Can UK childcare be fixed?
FT public policy reporter Bethan Staton on why childcare is rising fast up the agenda in Westminster and for businesses. UK parents pay more, struggle to find places for their children... and want employers and policymakers to help sort it out
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If you're a parent, or know one, you'll be well aware that childcare in the UK is too expensive. According to the OECD, UK nursery fees are the second highest in the world and take up one-third of the average wage. In some areas it's even higher. In London, a full-time nursery place costs £19,000 on average, according to charity Coram. And in responses to an FT reader survey last year, many parents said they were paying more than £2,200 monthly for nursery, more than their mortgage costs.
Childcare has moved from being a personal problem for parents to Westminster, not just because parents' votes count, but because, in a tight labour market, the effects are felt across the whole economy. In a 2021 survey, nearly half of mothers said they had taken on fewer hours because they struggled to get childcare. As one reader said in an FT survey last autumn: 'without the funding from the government it's impossible for people, usually women, to work.' The Centre for Progressive Policy, a think-tank, has estimated that if offered adequate childcare, women would increase their earnings by up to £10.9bn, generating more than £28bn for the economy.
So what can be done about the problem? Exasperated parents may be surprised to know that the government investment in childcare has actually increased in the past decade. According to the Institute for Fiscal Studies, total spending on childcare in 2010 was £2bn. Today, it's nearly £4bn. However, some experts say the real problem is how that money is spent.
Government funding for early years is a patchwork of free entitlements and rebates, which support a largely unplanned market of private providers, charities and schools. How parents and nurseries benefit from that funding is complicated. Most parents get a tax rebate worth 20 per cent on childcare and 15 to 30 hours of free childcare a week for 38 weeks a year when their child is three, depending on income and if they are working.
Parents of two-year-olds can also qualify for free hours if they meet certain criteria. If that sounds confusing, it's because it is. Studies show that parents struggle to access support that is available. And in 2022, some £3bn of tax-free childcare went unclaimed.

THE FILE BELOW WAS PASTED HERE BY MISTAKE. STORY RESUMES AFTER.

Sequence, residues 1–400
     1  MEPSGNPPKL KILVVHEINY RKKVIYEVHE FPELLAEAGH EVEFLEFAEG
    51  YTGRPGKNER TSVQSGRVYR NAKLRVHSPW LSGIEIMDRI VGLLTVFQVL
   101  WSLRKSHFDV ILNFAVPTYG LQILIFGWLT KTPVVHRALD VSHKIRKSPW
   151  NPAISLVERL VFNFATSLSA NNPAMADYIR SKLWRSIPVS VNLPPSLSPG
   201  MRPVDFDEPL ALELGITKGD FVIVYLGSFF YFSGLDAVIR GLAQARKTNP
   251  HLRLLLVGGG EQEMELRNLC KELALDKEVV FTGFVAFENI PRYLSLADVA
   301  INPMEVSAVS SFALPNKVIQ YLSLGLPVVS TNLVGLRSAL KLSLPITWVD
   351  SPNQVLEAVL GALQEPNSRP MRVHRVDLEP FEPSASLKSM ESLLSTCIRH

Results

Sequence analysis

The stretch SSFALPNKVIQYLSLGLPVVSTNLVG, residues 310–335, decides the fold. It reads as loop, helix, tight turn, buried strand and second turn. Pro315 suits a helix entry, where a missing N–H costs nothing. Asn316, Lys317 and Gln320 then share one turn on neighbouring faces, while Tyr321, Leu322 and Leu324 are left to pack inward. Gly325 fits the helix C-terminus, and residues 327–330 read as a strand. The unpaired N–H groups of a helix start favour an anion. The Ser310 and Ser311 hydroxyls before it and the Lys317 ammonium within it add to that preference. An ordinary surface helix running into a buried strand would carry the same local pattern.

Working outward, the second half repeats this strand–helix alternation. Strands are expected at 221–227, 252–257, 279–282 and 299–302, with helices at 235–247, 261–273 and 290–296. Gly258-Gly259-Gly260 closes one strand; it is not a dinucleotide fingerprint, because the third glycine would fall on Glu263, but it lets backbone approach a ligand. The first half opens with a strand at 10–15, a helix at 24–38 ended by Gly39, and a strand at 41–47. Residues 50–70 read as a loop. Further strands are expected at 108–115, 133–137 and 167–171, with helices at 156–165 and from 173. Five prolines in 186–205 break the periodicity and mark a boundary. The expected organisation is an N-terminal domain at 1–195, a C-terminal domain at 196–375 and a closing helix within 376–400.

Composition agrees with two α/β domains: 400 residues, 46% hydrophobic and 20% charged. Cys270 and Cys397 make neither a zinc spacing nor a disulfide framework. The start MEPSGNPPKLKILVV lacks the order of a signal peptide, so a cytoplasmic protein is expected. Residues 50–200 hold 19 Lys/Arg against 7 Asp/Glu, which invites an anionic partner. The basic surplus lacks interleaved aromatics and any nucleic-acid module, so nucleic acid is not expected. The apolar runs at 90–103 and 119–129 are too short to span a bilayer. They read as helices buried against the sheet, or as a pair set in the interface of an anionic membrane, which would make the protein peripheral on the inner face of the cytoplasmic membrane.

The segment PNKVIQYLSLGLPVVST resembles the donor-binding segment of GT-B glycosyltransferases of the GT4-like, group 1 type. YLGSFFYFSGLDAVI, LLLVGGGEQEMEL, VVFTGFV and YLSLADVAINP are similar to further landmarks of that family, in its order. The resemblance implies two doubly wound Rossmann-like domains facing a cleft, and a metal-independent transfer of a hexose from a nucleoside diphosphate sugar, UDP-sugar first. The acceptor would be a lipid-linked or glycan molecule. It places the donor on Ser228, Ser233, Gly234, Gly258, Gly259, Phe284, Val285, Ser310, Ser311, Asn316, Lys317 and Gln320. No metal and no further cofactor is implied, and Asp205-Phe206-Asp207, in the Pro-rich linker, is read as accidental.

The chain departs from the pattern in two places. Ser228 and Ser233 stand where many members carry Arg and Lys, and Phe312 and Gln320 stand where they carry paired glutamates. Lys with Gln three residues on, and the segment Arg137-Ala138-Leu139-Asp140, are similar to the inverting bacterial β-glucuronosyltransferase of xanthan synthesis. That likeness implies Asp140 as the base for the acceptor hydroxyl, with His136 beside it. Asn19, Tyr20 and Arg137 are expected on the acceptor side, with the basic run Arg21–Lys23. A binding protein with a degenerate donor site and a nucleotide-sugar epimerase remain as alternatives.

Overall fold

The system doesn't work for providers, either. Nurseries need to stay profitable, or at least financially sustainable, to keep providing childcare. But the state subsidy falls way short of allowing this. Research found that the government estimated it costs £7.50 per hour per child to provide a quality nursery education in 2021. But in that year it gave nurseries an average of only about £4.90 for each of the 15 to 30 free hours offered to parents.
Faced with this shortfall nurseries depend on parents paying beyond those free hours in order to stay afloat. That means charging higher prices to richer parents or parents of younger children, for more hours or so-called extras, like nappies or lunch, to cover costs not paid for by meagre government funding. However, nurseries are still struggling to make ends meet. About 400 have closed since 2020, and more have shut their doors in disadvantaged areas, where they're more dependent on the government subsidy.
So what action can working mothers expect from policymakers? The UK government has considered a range of options, including loosening regulations on childminders and increasing the number of children that can be looked after by one adult at nurseries. Policy analysts and lobby groups have called for more radical changes, including increasing funding per place and extending the free allowances to younger children. But that all costs money.
For parents squeezed by a cost of living crisis and high childcare fees, change can't come soon enough. Recent research found families were delaying or forgoing having children because of the extra costs. But with no decisions confirmed and the Treasury reining in public spending, they may be waiting some time. And it's women and the economic health of the country paying the price. As one woman commented in the FT survey: 'women will not be equals in the workplace until the economics of childcare are worked out.'